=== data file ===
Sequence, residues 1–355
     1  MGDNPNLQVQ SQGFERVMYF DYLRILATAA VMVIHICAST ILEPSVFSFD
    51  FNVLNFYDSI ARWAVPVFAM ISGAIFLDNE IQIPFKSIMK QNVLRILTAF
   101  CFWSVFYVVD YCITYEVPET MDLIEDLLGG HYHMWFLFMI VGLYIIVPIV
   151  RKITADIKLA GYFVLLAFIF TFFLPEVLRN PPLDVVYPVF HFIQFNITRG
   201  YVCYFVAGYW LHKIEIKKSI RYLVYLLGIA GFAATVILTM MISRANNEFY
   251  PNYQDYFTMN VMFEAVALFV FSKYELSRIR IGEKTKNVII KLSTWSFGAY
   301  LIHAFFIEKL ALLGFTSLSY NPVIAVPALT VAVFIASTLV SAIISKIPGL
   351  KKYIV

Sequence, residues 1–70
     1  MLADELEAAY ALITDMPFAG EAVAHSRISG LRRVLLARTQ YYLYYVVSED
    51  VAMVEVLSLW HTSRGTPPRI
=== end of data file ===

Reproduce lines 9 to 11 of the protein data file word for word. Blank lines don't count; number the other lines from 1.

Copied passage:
   351  KKYIV

Sequence, residues 1–70
     1  MLADELEAAY ALITDMPFAG EAVAHSRISG LRRVLLARTQ YYLYYVVSED